Wideband acoustic immittance measurements : effects of age, gender, race, and equipment


Yezhezi Zhang

Publication Date


Document Type

Honors Project




Sound-Measurement, Time-domain reflectometry, Broadband amplifiers, Hearing-Sex differences, Hearing disorders-Age factors, Wideband acoustic immittance, Time domain reflectance, Titan, Mimosa, ER10x


Wideband acoustic immittance (WAI) is a family of acoustic measures that can be calculated from a pressure measurement in the ear canal with a probe microphone. Such measurements can be effective in the assessment of middle-ear disorders and the prediction of conductive hearing loss in human adults. In this study, we examined how individual characteristics including age, gender, and race affect the measurements, and we also compared the measurement results from different instruments (Titan, Mimosa, and ER10x). We found that the measurements collected from all three devices were generally consistent with each other, but the Mimosa system had slightly lower absorbance in the low frequencies due to its closer measurement location to the eardrum. We also observed that below 4.5 kHz the absorbance measurements for Chinese subjects were generally smaller than those for Caucasian subjects, whereas the opposite was observed in the higher frequencies from 4.5 to 8 kHz. Older subjects had significantly lower absorbance measurements from 2 to 4 kHz and their average spectrum was shifted leftward, which could be partially explained by age-related increases in middle-ear stiffness. We found that gender and body size (height) did not have a significant association with WAI measures. Based on the differences between Caucasian and Chinese subjects, and between age groups, we recommend that ethnicity-specific and age-specific norms of WAI measures could be helpful for diagnostic purposes, but more measurements are needed. In addition, we explored the temporal properties of WAI measures that could potentially help identify the location of abnormality in the auditory system; we demonstrated the calculation of time domain reflectance (TDR) and the estimation of crosssectional area of the ear canal based on TDR.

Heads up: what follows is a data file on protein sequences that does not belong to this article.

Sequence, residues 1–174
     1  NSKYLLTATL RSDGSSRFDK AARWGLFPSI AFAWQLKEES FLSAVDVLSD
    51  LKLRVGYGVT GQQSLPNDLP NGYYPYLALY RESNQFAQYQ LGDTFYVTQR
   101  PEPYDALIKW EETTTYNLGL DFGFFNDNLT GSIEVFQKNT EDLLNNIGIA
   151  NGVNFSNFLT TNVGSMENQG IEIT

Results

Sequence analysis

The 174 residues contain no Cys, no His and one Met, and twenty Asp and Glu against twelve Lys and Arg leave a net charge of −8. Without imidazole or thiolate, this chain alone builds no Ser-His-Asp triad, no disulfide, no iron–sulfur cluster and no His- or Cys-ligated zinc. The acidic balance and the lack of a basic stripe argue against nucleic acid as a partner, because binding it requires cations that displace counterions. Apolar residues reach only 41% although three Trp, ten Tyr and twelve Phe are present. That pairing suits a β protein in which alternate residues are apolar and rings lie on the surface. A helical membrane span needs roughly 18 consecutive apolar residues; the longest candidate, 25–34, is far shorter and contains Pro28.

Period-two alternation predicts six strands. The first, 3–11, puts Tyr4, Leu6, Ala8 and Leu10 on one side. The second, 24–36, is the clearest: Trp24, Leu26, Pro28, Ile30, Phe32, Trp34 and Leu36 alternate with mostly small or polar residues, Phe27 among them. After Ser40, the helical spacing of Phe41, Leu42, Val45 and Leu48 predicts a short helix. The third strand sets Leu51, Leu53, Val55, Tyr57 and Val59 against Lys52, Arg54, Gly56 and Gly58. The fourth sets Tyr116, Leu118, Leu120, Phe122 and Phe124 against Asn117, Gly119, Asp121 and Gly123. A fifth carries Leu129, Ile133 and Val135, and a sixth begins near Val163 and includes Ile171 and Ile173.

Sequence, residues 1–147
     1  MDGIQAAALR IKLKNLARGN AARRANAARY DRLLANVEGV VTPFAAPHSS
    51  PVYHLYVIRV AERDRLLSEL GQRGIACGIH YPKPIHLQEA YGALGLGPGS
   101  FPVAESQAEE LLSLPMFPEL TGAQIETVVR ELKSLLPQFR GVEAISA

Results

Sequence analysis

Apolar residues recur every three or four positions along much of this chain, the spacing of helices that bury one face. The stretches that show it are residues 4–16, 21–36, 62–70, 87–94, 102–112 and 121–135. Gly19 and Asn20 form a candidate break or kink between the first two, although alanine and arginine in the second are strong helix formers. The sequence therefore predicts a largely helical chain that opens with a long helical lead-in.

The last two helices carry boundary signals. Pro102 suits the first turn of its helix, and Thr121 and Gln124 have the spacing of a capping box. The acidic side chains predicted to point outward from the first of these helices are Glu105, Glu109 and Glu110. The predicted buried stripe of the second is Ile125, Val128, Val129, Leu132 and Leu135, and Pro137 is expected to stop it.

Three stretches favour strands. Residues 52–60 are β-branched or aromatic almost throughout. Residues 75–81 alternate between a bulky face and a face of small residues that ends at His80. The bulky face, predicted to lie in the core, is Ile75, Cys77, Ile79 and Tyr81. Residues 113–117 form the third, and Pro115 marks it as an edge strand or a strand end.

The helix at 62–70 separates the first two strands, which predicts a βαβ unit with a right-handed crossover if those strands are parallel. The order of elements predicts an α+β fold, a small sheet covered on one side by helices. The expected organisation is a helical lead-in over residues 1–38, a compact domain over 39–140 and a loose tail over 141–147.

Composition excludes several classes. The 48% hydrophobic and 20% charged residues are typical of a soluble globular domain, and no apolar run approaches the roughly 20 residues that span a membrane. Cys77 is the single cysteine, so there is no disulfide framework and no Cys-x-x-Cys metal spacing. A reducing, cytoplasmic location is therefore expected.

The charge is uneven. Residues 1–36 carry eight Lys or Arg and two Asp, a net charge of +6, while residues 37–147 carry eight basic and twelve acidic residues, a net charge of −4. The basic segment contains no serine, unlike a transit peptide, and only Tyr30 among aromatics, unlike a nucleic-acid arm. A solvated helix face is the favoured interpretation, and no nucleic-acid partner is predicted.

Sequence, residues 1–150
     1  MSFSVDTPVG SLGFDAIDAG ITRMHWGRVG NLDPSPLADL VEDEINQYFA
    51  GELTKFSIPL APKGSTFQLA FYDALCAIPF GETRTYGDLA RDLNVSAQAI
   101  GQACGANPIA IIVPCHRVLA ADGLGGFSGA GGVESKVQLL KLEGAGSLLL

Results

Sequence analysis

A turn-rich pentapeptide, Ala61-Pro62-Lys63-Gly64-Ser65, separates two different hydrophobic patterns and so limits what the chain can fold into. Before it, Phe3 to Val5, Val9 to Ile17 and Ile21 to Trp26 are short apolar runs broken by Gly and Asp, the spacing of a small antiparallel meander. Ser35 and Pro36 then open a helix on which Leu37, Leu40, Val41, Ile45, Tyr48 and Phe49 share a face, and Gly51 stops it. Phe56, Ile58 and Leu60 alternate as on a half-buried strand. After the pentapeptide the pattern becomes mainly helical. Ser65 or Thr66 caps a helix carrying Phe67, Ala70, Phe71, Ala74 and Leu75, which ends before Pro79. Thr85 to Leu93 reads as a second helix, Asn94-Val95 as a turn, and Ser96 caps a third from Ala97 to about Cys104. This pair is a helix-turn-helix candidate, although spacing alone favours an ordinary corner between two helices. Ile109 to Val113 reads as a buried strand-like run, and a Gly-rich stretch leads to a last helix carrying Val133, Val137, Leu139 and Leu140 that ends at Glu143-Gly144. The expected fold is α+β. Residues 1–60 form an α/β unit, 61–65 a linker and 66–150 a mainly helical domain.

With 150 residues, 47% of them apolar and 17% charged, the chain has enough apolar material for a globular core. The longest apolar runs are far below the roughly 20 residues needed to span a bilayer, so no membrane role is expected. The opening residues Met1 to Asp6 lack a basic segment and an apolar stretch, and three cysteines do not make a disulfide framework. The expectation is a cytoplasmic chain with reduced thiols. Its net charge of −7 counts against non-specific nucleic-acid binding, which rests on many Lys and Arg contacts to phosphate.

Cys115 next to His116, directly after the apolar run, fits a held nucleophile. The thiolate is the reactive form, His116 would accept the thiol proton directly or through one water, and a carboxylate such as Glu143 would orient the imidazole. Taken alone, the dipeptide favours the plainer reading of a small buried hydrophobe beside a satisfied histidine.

76 pages : illustrations. Honors project, Smith College, 2016. Includes bibliographical references (pages 74-76)

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